Lyes, all lyes!

May 12, 2009 at 10:01 pm | Posted in Blackpowder, saltpeter | Leave a comment

After three times dripping through the general mixture, I thought my saltpetery water was ready to go to the next step, which involves boiling the mixture to reduce it. However, I’d completely forgotten that the boiling step requires lye. So the saltpeter water gets to drip through a fourth time while I make a batch of lye.

Biringuccio directs us to “make a strong lye of three-quarters of soda or ashes of cerris or oak…and one quarter of lime.” He does not, however, give specific instructions on how one would go about making lye. I knew in general terms that you dripped water through ashes (dripping water through other materials appears to be a theme of this project), but I wanted to be specifically medieval. Since I’d forgotten that I needed lye, I didn’t have any reference book on hand, but luckily the internet was ready and willing to provide some documentation.

lye 001I looked at several medieval recipes for lye, most of which were given in the context of soap-making. I finally decided that while I would use Biringuccio’s recommended 3 parts ash to 1 part lime (seen in the photo at left), I would also use the methods given in Mappae Clavicula: A little Key to the World of Medieval Techniques, a translation of a 12th century document. I saw this recipe in several places online, most notably here. I used the one labeled “Making French Soap.”

Basically the recipe indicates that one should make a paste out of lime and ashes, then press it on the bottom of a basket (which presumably acts as a filter.) You need to “make on top a place for the water so that it does not run away”. Then you drip the water through the mixture and collect it in a container underneath the basket.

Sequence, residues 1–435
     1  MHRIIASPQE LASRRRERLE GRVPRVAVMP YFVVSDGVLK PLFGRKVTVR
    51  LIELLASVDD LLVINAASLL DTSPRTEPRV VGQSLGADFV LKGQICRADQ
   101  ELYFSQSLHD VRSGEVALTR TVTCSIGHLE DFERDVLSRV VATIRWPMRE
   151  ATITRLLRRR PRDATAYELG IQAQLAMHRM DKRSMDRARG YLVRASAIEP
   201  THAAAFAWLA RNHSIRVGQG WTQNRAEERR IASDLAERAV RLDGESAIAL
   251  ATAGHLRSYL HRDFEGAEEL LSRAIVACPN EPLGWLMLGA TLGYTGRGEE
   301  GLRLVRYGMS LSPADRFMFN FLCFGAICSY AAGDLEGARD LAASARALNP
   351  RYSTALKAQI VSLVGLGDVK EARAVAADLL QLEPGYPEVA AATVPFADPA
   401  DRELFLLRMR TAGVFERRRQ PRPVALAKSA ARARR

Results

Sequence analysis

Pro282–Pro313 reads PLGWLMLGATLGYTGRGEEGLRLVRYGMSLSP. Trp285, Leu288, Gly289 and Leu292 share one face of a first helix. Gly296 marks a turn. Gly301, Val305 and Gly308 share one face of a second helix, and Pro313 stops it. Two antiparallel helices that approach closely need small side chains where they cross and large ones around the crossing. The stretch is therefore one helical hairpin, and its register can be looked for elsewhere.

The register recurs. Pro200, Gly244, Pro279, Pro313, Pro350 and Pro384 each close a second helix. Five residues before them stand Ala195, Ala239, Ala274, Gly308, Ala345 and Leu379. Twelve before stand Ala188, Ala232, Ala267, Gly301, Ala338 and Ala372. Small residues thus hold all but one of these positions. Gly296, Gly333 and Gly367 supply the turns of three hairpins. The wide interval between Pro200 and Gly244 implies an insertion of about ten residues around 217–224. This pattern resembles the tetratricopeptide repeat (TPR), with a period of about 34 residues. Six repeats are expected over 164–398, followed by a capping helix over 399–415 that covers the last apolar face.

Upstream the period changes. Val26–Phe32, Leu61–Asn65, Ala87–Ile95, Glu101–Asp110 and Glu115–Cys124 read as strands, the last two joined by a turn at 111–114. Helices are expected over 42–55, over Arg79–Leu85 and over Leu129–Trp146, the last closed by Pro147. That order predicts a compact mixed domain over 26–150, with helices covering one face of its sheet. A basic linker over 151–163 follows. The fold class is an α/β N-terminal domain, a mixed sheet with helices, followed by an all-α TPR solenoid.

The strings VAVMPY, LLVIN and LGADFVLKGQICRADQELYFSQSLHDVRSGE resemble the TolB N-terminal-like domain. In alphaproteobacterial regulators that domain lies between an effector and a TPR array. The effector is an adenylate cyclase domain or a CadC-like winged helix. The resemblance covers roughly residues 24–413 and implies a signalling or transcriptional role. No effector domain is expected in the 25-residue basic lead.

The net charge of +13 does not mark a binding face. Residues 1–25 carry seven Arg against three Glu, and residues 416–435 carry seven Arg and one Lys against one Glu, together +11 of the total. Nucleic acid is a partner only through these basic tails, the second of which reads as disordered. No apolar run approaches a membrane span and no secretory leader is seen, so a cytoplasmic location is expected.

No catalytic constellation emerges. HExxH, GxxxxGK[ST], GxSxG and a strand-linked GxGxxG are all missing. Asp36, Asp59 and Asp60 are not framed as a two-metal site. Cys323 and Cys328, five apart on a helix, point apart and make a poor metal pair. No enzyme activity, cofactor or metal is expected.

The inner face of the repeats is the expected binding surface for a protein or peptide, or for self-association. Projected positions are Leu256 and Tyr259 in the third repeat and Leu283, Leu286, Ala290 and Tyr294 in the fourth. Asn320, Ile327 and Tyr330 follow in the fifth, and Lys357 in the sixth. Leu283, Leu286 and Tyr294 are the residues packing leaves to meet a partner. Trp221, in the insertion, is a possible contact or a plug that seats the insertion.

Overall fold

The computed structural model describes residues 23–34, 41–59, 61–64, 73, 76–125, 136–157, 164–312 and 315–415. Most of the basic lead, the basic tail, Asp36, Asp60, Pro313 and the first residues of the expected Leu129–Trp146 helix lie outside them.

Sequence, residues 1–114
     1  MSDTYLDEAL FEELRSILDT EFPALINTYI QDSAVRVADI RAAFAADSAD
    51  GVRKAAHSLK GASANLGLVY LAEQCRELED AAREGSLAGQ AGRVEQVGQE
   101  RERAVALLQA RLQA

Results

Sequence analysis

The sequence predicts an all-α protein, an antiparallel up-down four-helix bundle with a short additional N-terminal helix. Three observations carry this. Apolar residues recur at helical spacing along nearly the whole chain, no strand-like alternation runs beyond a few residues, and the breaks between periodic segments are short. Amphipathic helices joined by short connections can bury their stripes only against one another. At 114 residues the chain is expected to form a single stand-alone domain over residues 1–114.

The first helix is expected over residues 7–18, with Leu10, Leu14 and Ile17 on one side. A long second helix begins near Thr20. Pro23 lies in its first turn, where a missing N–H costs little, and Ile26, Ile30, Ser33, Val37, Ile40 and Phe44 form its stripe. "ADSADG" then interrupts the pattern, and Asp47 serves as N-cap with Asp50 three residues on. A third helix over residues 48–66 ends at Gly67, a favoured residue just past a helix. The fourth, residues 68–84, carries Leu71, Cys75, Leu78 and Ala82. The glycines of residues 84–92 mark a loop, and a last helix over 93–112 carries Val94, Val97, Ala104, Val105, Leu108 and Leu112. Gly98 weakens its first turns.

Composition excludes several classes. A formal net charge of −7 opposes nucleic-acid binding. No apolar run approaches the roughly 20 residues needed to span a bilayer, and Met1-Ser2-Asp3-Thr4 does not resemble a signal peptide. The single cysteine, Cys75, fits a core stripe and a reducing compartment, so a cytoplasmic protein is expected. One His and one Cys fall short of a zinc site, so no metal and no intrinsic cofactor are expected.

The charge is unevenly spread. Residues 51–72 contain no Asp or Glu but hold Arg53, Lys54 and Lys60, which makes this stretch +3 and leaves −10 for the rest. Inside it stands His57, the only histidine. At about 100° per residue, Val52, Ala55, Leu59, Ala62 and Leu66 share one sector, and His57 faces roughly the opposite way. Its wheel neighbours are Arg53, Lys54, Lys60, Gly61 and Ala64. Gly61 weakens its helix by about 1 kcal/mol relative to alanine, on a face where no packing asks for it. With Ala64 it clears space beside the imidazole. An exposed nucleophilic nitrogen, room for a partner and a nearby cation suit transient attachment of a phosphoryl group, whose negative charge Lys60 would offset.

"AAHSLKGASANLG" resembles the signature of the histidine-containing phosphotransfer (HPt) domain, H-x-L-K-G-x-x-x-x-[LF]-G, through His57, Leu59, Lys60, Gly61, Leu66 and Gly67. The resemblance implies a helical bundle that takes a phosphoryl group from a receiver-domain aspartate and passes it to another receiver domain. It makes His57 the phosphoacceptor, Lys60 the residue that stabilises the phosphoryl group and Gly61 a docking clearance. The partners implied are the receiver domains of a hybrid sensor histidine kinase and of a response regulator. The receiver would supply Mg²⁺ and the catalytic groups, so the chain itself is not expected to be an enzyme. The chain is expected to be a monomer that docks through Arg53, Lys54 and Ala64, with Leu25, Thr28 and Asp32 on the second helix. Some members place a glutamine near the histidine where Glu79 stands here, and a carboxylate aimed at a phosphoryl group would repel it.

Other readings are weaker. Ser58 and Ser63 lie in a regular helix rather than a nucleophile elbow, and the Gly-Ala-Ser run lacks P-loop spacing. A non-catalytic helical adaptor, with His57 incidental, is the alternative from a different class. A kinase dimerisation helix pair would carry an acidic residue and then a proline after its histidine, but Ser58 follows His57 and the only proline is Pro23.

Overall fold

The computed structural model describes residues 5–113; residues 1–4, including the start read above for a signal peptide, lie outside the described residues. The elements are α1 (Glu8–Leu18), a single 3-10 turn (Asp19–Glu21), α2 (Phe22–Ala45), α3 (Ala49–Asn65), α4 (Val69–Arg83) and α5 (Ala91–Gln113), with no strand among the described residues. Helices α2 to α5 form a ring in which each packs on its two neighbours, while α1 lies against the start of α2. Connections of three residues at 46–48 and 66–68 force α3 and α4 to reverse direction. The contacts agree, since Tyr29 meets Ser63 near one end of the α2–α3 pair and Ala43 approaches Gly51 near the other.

lye 002I had plenty of baskets, so I chose one that had a fairly tight weave and looked like it would be about the right size to sit on top of the container I had in mind. It ended up being a few centimeters too large, but otherwise was perfect. I was a little worried that the basketweave was not going to be tight enough to act as an effective filter, so I “cheated” and added a piece of cheesecloth to the bottom of the basket.

lye 006Next, I mixed together the lime and oak ashes that I still had left over from when I put together my saltpeter mixture. The first batch was not enough to properly fill the basket, and was a bit watery, so I used it as a bottom layer and made a second batch that was more of a thick paste, which I used like playdough to make the sides that would keep the water from “running away.” I then poured water into the little bowl I’d created and voila! Instant lye machinery. I plan to run the water through a few times to increase the strength. Apparently I need to be able to float an egg in the solution before it will be considered a “strong” lye.

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